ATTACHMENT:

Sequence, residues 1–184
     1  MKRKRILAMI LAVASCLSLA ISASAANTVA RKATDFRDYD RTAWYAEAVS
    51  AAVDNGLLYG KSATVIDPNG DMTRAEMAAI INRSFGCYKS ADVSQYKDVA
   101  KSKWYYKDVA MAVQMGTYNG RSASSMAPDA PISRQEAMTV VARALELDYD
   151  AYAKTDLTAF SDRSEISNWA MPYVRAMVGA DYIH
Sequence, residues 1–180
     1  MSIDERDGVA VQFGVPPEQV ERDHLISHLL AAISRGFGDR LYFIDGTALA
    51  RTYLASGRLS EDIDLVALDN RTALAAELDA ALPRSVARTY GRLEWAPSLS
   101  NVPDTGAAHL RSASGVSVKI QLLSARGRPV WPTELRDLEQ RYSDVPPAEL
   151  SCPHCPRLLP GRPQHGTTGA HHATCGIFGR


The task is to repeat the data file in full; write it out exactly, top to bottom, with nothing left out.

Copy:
Sequence, residues 1–184
     1  MKRKRILAMI LAVASCLSLA ISASAANTVA RKATDFRDYD RTAWYAEAVS
    51  AAVDNGLLYG KSATVIDPNG DMTRAEMAAI INRSFGCYKS ADVSQYKDVA
   101  KSKWYYKDVA MAVQMGTYNG RSASSMAPDA PISRQEAMTV VARALELDYD
   151  AYAKTDLTAF SDRSEISNWA MPYVRAMVGA DYIH
Sequence, residues 1–180
     1  MSIDERDGVA VQFGVPPEQV ERDHLISHLL AAISRGFGDR LYFIDGTALA
    51  RTYLASGRLS EDIDLVALDN RTALAAELDA ALPRSVARTY GRLEWAPSLS
   101  NVPDTGAAHL RSASGVSVKI QLLSARGRPV WPTELRDLEQ RYSDVPPAEL
   151  SCPHCPRLLP GRPQHGTTGA HHATCGIFGR